2–5 February 2021


Short Paper

The Emergency Department waiting room: towards a Speculative Service Design framework


Presenting Author(s): Troy McGee, Daphne Flynn, Selby Coxon, Rowan Page
03 February 2021
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Please be aware that multiple presentations will take place during this session commencing at 05:15PM AEDT and share the same zoom link. Check how presentations are clustered in the program spreadsheet when adding the calendar.

This paper describes an experimental, methodological approach to design research that draws upon the methods of speculative design and service design to present the framework of Speculative Service Design (SSD). This framework aims to aid service designers to explore and interrogate the tensions within future service experiences. Its goal is to draw on speculative tools and techniques to present them as a way to explore, extrapolate and evaluate future service experiences. SSD aims to imagine hypothetical service futures before they happen, decoupling design from direct market imperatives and illuminating the capacity that we, as citizens, have to influence its development and deployment.

This paper then presents how this framework has been applied in practice to the Emergency Department waiting room within a practice-based PhD. This example investigates the role of technology in future waiting experiences in the Emergency Department, and is used as a vehicle to proactively reflect on service experience futures before they happen. In doing so, the framework provides designers with a method to unpack the ideologies and philosophies that drive the development and deployment of technology.

Europe (CET): 3rd February 2021 7:15 am to 8:15 am

US (EST): 3rd February 2021 1:15 am to 2:15 am

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Troy McGee
Troy McGee
Monash University

I am an equal parts designer, researcher and maker. I design health futures, services and experiences.

Currently, I am a PhD candidate in Design at Monash University, within an interdisciplinary research lab - Design Health Collab - that is concerned with the future of health and wellbeing. My research is deeply collaborative and crosses disciplines of design, creative practice, healthcare, and emergency medicine. I am motivated by solving complex challenges and working alongside passionate individuals.

Daphne Flynn
Daphne Flynn
Monash University

Daphne is Director of Design Health Collab, Monash Art, Design and Architecture’s Health and Wellbeing lab. Daphne works to encourage collaboration with university researchers, industry partners and medical bodies.
As a Practice Professor, Daphne draws on a broad range of experiences with various design consultancies, as well as a variety of business from small firms to multinational companies.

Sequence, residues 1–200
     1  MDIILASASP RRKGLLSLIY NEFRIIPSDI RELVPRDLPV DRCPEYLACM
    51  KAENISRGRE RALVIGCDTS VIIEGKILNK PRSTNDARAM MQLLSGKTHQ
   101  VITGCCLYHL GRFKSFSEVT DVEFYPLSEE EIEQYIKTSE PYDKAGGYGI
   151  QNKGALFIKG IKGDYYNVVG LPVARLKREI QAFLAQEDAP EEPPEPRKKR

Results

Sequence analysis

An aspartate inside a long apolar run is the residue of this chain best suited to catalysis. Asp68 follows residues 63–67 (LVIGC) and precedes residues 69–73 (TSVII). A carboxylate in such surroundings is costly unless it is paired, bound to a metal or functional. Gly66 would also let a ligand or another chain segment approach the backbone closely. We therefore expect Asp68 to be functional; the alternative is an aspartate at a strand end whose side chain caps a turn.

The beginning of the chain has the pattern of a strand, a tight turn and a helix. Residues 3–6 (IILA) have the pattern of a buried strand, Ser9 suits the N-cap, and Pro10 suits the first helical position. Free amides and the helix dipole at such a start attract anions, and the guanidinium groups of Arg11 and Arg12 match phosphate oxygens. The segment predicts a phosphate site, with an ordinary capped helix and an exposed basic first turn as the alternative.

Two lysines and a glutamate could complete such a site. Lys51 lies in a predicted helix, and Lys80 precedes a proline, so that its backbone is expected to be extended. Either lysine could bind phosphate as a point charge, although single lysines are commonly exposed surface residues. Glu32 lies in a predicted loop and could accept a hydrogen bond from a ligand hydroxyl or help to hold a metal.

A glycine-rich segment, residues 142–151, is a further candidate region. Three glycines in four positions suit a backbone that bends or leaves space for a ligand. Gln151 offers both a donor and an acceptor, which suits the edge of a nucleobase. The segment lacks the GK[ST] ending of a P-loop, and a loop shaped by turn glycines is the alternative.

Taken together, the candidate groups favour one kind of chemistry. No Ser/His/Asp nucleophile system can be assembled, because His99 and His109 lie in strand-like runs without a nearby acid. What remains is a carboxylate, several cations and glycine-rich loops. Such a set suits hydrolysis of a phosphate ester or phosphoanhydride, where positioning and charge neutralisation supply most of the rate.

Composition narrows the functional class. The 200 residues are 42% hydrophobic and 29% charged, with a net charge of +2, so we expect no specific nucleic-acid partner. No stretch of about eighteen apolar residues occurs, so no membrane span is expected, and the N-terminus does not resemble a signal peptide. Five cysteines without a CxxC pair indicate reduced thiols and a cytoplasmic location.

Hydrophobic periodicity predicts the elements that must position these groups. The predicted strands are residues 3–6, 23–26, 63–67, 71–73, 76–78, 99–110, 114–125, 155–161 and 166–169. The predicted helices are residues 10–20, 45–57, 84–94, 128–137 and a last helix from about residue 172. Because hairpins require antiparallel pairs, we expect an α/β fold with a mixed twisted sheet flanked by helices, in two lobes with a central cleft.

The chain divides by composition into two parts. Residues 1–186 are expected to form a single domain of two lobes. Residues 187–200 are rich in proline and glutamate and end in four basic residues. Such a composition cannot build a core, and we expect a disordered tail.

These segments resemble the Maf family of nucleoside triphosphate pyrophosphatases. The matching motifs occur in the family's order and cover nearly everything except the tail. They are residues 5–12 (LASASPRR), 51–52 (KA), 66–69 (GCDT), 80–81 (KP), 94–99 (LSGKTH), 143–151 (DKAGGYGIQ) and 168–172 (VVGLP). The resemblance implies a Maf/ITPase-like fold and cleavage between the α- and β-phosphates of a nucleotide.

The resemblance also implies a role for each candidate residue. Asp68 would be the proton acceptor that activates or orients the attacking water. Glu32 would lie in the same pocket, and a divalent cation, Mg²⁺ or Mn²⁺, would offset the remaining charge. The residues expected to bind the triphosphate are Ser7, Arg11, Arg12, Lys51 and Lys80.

Daphne’s interest is in applying design thinking methodology to facilitate innovation, particularly in the area of healthcare and wellbeing.
Whether the challenge is considering the ergonomics and ease of use of medtech devices or creating better patient experiences in healthcare organisations, design can play a central role in facilitating innovation and change.
Daphne’s experience includes collaborations with MIME in medtech research, designing the award-winning asthma prediction device X-halo, and investigating a Hospital-to-Home healthcare pilot program for Philips.

Selby Coxon
Selby Coxon
Monash University

Dr. Selby Coxon is the Director of the Mobility Design Lab hosted by the Department of Design at MADA. He holds a PhD, Masters and Bachelor's degree in Industrial Design. His professional career spans over thirty years working for both the corporate sector; Philips Electronics and Schlumberger and private consultancy; IDC and Anglo Nordic Design in Europe, Scandinavia and Australia.

His research interests, especially in his current role, concern improvements and far reaching ambitious interventions in the design of mobility, particularly public transport. Research projects undertaken have been for a diverse group of organisations; Metro Trains Melbourne, Yarra Trams, Volgren, Transdev, General Motors and SNCF (the French National Railway).

Rowan Page
Rowan Page
Monash University

Rowan Page is a lecturer in Industrial Design at MADA and a researcher in the Design Health Collab, an interdisciplinary research lab at the intersection of design and health. His PhD research explored how design research and practice can facilitate greater engagement with the recipients of medical devices, during the formative stages of research and development. Working in collaboration with Cochlear Ltd, this research led to the production of several medical devices and a speculative project exploring the future of cochlear implant systems. Rowan now works on several medical device development projects and has an interest in how design research, practice, and prototypes can aid in medical translational research. His research interests include co-design, speculative design, digital fabrication, emerging technologies and the function of designed artefacts as boundary objects within collaborative and interdisciplinary design projects.

Through his teaching in the third year industrial design program Rowan is involved in several work integrated learning projects. These projects connect students with industry through real-world design projects with partners such as MONA, CSIRO, Orora, ABC, and Monash Health.